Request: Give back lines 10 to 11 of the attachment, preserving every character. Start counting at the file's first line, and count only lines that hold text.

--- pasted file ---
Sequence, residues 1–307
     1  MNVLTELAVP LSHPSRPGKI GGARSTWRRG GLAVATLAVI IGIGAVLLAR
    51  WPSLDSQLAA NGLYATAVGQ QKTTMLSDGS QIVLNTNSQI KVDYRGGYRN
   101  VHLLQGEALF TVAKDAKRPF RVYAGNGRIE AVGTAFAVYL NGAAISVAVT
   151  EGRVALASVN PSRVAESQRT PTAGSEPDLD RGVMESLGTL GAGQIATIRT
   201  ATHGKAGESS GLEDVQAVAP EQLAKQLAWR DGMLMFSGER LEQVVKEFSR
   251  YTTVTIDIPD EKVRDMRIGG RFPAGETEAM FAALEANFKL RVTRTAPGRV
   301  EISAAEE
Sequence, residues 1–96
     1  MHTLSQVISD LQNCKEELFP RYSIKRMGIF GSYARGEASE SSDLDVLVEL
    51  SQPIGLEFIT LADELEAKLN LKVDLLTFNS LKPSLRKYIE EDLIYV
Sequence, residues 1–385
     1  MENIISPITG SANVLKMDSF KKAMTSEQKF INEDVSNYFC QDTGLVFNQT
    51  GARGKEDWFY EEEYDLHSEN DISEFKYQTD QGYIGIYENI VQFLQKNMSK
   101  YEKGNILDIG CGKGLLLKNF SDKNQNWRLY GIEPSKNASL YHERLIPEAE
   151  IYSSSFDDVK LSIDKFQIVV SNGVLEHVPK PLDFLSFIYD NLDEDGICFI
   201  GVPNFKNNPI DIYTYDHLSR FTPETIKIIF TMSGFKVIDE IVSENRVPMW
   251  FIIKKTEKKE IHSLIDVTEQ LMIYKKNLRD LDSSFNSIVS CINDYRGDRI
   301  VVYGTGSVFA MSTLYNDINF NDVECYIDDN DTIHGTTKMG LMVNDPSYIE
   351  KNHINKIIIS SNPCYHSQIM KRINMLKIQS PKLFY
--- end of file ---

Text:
     1  MHTLSQVISD LQNCKEELFP RYSIKRMGIF GSYARGEASE SSDLDVLVEL
    51  SQPIGLEFIT LADELEAKLN LKVDLLTFNS LKPSLRKYIE EDLIYV